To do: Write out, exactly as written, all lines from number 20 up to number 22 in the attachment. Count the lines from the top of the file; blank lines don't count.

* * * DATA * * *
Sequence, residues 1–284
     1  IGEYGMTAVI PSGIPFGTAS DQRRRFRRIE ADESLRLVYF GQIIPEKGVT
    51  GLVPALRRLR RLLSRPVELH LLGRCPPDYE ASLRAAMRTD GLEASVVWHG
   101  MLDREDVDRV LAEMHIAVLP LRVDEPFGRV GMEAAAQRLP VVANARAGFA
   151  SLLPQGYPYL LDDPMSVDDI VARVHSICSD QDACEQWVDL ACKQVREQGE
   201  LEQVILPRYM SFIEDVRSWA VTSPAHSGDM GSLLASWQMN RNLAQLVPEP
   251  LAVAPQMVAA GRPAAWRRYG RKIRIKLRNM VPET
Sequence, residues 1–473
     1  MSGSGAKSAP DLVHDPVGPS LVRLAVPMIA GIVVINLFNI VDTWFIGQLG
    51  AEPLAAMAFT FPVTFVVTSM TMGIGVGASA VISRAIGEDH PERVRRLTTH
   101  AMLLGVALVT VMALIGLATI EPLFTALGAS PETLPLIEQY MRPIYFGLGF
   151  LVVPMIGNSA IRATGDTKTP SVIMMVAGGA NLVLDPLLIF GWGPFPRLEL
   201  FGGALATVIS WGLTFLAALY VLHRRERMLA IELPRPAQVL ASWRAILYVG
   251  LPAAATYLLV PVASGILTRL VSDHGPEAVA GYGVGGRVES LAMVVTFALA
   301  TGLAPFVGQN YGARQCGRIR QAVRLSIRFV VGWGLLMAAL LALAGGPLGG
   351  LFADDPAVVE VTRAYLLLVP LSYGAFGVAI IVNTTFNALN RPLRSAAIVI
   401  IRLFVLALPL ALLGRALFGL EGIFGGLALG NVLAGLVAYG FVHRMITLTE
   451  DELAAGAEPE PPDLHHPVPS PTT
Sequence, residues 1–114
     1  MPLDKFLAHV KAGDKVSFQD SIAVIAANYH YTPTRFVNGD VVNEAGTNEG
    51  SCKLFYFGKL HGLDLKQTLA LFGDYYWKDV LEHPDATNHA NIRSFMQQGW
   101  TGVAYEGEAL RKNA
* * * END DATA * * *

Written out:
     1  MPLDKFLAHV KAGDKVSFQD SIAVIAANYH YTPTRFVNGD VVNEAGTNEG
    51  SCKLFYFGKL HGLDLKQTLA LFGDYYWKDV LEHPDATNHA NIRSFMQQGW
   101  TGVAYEGEAL RKNA